Plug your cash drains

Do your finances a favour and start tracking and controlling your cash spending.

Let's face facts. Most Canadians don’t track their personal spending because they aren’t required to. There is no government department demanding that we document where all our money goes.

I have made the case many times that you should track what you spend because it’s the only thing that is going to give you the vital information needed to control your spending, get you out of debt and allow you to predict what you’ll spend in retirement.

I know I’m probably preaching to the choir since accountants are the one group that understands this, so let’s assume you track your spending by spreadsheet, Quicken or an online service such as mint.com. There is one key category that you think you’re tracking but you’re not really: that category is cash.

I’m a big believer that what you track tends to improve. That’s simply because you are looking at it. Once you find out how much cash you spent last year, you may be inspired to reduce it in future and thus improve your personal financial situation.

If you are like most people you’re probably surprised by how much you withdraw from the bank. Tracking your spending may tell you your family withdrew $7,000 last year, but it does not tell you where that money went.

Let’s explore how you can gain control over your family’s cash spending.

One way is to keep receipts every time you use cash. But many expenses, such as parking meters and donations to the homeless, don’t come with receipts, so you get an incomplete picture. Here are a few better options.

Reduce your use of cash: This will force you to use either a debit card or a credit card. You’ll then have the vendor’s name on your bank or credit card statements so you’ll know where the money went. It is very easy to go without cash today. The airlines don’t even accept cash anymore — to buy a sandwich for $5, you need to hand over your credit card.

One potential problem with this recommendation is that it is easier to spend more when you use credit because it doesn’t “hurt” as much as handing over your hard-earned cash.

In addition, for people who aren’t good with credit, reducing the use of cash is a bad idea. Don’t tell people who can’t pay off their credit cards not to use cash. The fact they are possibly in high interest debt means they should avoid putting more on their cards at all costs. For these reasons, only fiscally responsible people should consider this strategy.

Monitor your withdrawals: This was suggested to me by an attendee at a recent course I gave in Victoria. He said he had a client who withdraws cash in fixed amounts on certain days. For example, withdraw $200 on Friday for the whole weekend and when your cash runs out so does your entertainment. This is a great way to limit your cash spending.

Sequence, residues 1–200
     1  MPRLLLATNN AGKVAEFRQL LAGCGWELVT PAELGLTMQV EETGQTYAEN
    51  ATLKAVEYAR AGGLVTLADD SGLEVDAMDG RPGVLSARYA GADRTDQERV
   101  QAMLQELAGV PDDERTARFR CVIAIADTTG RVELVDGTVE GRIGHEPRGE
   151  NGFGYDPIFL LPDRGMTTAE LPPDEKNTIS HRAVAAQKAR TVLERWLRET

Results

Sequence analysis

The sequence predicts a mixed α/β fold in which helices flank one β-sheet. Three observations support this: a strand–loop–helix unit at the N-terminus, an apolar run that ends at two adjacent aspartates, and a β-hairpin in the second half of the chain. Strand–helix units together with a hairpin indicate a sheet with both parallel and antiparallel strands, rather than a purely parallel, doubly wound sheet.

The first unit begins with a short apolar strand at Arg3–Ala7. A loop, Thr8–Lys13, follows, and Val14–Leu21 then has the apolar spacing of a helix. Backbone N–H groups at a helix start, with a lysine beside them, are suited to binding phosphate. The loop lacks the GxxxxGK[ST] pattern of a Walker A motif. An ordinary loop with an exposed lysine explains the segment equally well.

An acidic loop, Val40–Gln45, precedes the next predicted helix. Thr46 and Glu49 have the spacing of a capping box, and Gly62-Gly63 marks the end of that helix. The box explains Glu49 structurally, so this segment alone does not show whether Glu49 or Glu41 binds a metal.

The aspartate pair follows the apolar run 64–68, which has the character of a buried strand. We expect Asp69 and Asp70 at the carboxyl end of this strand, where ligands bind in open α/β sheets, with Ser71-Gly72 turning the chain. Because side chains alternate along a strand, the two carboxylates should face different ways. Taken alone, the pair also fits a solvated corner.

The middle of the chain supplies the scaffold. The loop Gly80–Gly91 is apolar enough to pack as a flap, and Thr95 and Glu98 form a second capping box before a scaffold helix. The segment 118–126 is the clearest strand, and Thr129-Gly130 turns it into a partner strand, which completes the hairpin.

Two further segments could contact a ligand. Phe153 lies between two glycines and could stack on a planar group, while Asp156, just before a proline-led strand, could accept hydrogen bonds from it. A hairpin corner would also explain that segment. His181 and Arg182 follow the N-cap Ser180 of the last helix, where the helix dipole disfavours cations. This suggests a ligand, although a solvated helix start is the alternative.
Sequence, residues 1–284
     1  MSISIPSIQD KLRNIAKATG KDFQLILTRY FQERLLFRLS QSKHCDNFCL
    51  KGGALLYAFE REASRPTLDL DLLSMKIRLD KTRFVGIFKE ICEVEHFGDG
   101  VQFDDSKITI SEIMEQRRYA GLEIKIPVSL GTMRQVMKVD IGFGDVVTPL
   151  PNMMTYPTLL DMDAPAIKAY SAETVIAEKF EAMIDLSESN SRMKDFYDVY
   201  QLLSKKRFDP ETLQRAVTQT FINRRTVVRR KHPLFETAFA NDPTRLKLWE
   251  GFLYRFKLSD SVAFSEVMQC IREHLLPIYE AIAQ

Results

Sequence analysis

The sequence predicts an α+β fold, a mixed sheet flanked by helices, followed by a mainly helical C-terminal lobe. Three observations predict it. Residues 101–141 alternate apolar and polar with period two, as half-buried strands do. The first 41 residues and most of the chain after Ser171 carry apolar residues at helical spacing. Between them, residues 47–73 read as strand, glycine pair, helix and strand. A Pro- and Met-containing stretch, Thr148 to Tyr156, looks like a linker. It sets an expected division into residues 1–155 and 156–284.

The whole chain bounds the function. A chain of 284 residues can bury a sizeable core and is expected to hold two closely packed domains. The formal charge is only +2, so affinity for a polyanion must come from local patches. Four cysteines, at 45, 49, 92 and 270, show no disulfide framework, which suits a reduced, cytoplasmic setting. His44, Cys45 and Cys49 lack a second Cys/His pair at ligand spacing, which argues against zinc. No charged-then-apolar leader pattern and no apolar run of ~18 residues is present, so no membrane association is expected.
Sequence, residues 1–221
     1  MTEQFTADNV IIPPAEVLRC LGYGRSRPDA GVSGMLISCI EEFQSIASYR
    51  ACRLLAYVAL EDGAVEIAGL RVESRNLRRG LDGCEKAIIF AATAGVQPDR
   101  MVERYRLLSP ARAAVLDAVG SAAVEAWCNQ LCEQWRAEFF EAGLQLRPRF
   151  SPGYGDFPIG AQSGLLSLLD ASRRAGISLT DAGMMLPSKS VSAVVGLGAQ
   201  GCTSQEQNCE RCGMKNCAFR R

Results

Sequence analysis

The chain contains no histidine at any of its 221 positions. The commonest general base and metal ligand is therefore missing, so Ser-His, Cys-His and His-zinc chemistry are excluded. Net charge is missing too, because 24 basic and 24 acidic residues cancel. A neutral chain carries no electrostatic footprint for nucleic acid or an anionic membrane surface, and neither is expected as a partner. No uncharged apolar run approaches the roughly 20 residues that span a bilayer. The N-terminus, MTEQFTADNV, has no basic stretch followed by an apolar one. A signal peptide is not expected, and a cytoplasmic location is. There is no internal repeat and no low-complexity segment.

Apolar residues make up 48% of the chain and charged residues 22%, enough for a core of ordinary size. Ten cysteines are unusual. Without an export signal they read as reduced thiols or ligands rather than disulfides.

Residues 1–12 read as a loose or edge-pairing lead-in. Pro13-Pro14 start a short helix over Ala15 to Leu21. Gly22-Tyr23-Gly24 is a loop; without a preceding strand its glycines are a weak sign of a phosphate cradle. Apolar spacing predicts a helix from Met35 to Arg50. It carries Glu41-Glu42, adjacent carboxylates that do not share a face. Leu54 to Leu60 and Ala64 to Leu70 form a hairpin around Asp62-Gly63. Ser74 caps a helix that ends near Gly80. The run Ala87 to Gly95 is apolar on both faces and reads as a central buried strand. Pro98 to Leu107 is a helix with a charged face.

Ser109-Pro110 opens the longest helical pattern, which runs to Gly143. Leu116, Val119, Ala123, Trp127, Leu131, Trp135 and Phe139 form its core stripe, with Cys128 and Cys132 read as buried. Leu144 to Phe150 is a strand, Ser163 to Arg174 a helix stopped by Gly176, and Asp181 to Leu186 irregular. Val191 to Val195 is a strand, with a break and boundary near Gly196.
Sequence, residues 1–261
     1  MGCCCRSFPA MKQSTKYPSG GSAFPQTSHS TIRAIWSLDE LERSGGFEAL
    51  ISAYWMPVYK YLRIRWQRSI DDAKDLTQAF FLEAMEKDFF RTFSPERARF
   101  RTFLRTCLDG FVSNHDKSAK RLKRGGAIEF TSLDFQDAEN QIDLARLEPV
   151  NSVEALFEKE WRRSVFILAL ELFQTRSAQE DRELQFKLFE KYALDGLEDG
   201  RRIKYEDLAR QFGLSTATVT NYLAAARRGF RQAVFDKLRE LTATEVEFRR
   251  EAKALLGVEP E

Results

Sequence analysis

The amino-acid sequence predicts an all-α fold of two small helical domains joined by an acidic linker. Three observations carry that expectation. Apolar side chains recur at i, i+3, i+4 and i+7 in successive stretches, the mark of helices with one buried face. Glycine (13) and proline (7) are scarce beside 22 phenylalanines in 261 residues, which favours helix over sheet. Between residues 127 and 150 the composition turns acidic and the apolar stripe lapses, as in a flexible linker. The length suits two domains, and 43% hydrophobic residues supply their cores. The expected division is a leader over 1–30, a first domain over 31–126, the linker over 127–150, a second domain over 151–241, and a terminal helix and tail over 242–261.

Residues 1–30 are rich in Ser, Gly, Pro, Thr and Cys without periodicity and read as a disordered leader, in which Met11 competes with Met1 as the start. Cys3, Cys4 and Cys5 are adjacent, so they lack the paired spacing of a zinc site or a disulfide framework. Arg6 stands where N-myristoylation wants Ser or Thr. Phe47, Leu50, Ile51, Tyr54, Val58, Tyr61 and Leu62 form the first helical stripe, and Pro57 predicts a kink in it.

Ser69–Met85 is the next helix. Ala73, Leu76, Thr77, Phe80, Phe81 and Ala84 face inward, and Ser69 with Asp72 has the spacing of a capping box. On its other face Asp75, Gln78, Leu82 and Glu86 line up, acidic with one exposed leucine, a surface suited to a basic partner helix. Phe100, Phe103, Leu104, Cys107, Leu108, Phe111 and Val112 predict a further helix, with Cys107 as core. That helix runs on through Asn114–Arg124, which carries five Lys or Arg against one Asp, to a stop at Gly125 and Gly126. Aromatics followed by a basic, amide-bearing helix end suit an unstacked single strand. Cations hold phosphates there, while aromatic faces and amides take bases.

Set up an imprest petty cash account: You probably have one at the office but what about one at home? Another course attendee swore by this method and had been using it for decades. It may be a bit over the top requiring your employees — sorry, family members — to keep receipts for all cash spent, but I bet it works.

Use a cash-tracking app: If you have a smartphone, tracking your cash spending is as easy as punching in the amount and picking a category each time you use cash. The one I use is called CashTrails, an expense and income tracker for iPhone and iPad. It is very simple to use. You simply open the app and click on the “+” sign to enter the amount you just spent, then you pick a “tag” or category. You set these up yourself and you can create subcategories, if you want. The date is already set at today, or you can change it. You can also enter any free-form note you wish. You can even further allocate each expense to a “group” such as personal or business. The report feature allows you to view entries for any period of time (today, this week, this month or year, etc.), by timeline (each entry by day) and structure (showing each category from largest to smallest amount), as well as average spending by day, week, month and year. You can then export the details to a spreadsheet and email it to yourself for further analysis.

Do your finances a favour and start tracking and controlling your cash spending. For many people this is a category filled with discretionary spending that is an easy target for improvement if you know what’s in it.

About the Author

David Trahair


David Trahair, CPA, CA, is a personal finance author and speaker (www.trahair.com). His latest book is The Procrastinator’s Guide to Retirement.

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